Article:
The scope of the camerawork here is so enormous it makes Power of the Dog look like it was shot in an alley behind an auto parts store. I have never seen just a good visual argument over the importance of theatrical screenings on the biggest screens possible. I envy everyone out there with TV screens the size of kiddie pools because the views are going to be magnificent. The visual artwork here is so strong you can feel the wind on your face.
I appreciate how gritty and realistic the subject matter is, especially considering it’s semi-autobiographical. However, I also feel this is more than just a modern western. While not erupting with action sequences, few movies are more neo-western than this. The lawless networks running the factories still carry the chaos and cruelty of the wild wild west. The themes seem very western in flavor, especially the study of the bad men can do underneath the good they show. The metal coffin carried under the arm screams the original Django.
“Navarrete has some of the best stoic stares against the wilds since Clint Eastwood…”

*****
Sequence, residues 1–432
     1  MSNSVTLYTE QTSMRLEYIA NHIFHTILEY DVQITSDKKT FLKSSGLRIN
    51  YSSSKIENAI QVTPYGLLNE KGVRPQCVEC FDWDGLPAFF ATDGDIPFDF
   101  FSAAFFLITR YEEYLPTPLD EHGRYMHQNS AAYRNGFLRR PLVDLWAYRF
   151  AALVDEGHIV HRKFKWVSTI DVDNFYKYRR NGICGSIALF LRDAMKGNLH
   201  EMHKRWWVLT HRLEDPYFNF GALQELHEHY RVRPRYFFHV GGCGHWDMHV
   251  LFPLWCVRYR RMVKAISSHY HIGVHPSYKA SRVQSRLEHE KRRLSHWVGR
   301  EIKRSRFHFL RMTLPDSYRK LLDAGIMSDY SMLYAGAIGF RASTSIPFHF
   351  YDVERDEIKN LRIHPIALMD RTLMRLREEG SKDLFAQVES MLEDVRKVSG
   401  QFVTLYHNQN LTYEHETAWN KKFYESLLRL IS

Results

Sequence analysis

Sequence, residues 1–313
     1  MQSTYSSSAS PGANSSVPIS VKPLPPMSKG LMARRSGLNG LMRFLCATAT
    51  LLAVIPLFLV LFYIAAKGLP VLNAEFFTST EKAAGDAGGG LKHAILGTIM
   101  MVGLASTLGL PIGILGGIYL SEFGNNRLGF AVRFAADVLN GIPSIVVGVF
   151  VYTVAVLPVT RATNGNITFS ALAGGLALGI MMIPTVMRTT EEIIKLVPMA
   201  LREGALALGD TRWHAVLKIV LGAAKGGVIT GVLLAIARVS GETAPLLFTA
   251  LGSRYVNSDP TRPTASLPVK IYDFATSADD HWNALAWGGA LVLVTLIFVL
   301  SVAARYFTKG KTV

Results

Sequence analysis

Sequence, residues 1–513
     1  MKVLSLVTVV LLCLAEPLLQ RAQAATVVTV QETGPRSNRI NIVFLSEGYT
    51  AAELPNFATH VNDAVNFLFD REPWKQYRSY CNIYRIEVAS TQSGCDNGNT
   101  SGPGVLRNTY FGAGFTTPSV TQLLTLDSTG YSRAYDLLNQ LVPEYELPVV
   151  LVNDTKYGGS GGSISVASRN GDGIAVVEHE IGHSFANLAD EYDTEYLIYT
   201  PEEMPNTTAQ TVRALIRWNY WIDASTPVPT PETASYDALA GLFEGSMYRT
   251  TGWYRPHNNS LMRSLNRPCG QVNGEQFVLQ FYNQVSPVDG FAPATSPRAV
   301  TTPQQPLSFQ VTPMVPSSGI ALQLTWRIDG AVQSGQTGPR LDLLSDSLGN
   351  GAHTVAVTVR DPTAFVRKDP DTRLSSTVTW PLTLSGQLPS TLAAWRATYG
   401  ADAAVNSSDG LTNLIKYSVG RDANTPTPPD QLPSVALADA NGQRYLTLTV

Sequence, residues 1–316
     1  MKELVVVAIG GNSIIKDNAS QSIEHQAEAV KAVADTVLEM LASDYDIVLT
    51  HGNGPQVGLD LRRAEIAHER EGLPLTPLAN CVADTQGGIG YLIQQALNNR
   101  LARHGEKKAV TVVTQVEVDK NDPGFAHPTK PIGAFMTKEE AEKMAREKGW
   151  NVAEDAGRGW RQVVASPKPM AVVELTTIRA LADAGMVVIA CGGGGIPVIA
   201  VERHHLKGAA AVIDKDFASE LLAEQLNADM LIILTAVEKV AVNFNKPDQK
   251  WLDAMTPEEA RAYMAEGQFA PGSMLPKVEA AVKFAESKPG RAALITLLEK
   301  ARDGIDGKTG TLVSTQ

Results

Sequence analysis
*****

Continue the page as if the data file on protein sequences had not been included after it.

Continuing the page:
The machinations in the further acts are worthy of A Fistful of Dollars. Navarrete has some of the best stoic stares against the wilds since Clint Eastwood squinted at Italians. Much of the film is carried on, his silent features staring harder and harder into your center.
There is this marvelous hard-boiled narrative style Vigas employs, with long periods without dialogue and little exposition. The way the intrigue is built as the picture progresses almost takes us into thriller territory. This is the cinematic storm the filmmaker creates here when a child’s yearning meets the brutality of an outlaw land. All of this is happening among Armstrong’s wonderland of eye-slapping sights. The Box is a powerful picture that has to be seen and seen as there is a lot to see.
"…a powerful picture that has to be seen..."